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I'm building a RESTful web service using Jersey that relies on MongoDB for persistence.

The web service itself connects to the default database, but for the unit tests, I would like to use a separate test database. I would populate this test database in setUp, run my tests, and then destroy it in tearDown.

Normally, I would use dependency injection here to supply the data source to an entity manager that the service would use, but in this case the web service is running independent of the unit tests. I'm using the Jersey Test Framework, which starts up a Grizzly container to provide the web service interface, and provides a web service client to the unit testing class.

What is the best way to inject a dependency from my unit test class into the server instance (which Jersey Test Framework sets up in a Grizzly container)?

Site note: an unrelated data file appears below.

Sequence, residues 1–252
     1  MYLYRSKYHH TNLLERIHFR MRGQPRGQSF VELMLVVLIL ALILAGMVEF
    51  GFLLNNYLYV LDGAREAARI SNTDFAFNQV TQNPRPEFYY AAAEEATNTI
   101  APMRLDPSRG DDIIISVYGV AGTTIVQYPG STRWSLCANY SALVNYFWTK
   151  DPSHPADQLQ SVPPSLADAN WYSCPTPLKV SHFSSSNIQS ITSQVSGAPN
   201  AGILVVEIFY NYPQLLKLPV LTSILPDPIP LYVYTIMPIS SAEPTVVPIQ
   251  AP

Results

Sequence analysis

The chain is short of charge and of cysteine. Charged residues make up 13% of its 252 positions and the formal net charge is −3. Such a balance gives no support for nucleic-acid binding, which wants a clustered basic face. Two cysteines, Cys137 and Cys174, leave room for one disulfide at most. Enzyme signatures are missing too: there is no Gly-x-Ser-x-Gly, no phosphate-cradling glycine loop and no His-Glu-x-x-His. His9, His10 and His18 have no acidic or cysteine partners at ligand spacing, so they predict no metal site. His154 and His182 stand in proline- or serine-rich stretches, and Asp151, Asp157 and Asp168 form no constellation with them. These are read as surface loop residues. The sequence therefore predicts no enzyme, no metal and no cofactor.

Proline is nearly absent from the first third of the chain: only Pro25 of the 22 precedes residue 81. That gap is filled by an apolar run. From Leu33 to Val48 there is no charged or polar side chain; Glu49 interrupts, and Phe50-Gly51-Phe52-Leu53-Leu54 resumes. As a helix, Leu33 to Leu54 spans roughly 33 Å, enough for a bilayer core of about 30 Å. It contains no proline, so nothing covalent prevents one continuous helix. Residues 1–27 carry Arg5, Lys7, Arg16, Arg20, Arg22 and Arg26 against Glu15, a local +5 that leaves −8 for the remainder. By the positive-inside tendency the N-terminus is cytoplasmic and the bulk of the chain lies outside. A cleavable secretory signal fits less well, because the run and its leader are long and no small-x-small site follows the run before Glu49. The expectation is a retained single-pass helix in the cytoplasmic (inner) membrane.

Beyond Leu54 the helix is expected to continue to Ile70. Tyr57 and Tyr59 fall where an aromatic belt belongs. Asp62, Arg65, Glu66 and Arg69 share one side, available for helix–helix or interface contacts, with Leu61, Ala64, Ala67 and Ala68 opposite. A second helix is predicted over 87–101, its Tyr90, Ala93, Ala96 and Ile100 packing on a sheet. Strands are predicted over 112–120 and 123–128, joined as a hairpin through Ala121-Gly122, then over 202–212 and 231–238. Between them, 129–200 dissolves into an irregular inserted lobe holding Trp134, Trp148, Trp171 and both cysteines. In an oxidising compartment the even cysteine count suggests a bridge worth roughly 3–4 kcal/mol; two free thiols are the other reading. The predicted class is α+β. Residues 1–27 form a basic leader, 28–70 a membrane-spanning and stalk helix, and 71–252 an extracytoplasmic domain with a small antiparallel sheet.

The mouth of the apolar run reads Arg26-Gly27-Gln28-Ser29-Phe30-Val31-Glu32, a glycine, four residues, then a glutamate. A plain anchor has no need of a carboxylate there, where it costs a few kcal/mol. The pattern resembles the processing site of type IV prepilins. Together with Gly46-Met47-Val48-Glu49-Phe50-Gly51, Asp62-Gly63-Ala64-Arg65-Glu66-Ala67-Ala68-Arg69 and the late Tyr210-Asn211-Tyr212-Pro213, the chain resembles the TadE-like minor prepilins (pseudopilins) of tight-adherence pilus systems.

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1 Answer 1

up vote 3 down vote accepted

After digging through the Jersey Test Framework source, I've discovered an elegant way to inject dependencies into my RESTful resource classes.

In my test class (which extends JerseyTest), I've added only an implementation for the configure() method:

public AppDescriptor configure() {
    return new WebAppDescriptor.Builder()
        .contextListenerClass(ContextLoaderListener.class)
        .contextParam("contextConfigLocation", "classpath:applicationContext.xml")
        .initParam("com.sun.jersey.config.property.packages", "[resource package]")
        .build();
}

This effectively provides a custom built WebAppDescriptor instead of relying on Jersey Test's Grizzly Web container to build one.

This will use the "applicationContext.xml" file on the classpath, which can be configured differently for running JUnit tests. Effectively, I have two different applicationContext.xml files: one for my JUnit tests, and the other for production code. The test's applicationContext.xml will configure the data access dependency object differently.

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